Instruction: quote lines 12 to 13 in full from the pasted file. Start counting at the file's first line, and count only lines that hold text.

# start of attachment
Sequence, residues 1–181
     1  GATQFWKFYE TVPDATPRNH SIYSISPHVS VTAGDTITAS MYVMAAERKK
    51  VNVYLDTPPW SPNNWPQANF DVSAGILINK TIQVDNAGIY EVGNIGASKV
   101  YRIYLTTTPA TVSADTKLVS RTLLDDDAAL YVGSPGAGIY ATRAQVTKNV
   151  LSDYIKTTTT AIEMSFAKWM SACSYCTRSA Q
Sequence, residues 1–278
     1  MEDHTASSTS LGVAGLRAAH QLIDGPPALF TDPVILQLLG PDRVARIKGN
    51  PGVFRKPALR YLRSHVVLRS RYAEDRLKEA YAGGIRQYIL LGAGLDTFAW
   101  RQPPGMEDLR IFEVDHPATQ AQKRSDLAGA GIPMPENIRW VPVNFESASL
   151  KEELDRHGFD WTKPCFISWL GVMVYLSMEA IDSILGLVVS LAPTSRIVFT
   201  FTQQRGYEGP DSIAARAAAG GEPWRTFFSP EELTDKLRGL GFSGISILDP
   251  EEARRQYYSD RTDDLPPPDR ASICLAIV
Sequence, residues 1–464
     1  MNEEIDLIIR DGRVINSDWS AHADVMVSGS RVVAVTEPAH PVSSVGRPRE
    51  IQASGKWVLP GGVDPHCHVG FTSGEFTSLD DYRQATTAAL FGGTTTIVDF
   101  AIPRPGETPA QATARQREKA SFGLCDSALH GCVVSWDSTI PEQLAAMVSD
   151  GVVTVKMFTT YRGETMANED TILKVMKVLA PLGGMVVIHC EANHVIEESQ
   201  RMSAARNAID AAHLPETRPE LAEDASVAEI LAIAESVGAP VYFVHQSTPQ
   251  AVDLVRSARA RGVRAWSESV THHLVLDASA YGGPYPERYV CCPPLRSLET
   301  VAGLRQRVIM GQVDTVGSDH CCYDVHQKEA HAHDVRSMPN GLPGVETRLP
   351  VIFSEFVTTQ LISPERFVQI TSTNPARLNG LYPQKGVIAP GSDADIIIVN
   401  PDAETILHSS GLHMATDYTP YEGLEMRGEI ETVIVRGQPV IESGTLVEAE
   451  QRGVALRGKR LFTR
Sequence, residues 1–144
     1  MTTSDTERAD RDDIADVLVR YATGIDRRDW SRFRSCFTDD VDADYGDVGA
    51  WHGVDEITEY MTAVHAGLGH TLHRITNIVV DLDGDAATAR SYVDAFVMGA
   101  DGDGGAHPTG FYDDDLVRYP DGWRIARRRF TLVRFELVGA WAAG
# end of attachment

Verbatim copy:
   251  EEARRQYYSD RTDDLPPPDR ASICLAIV
Sequence, residues 1–464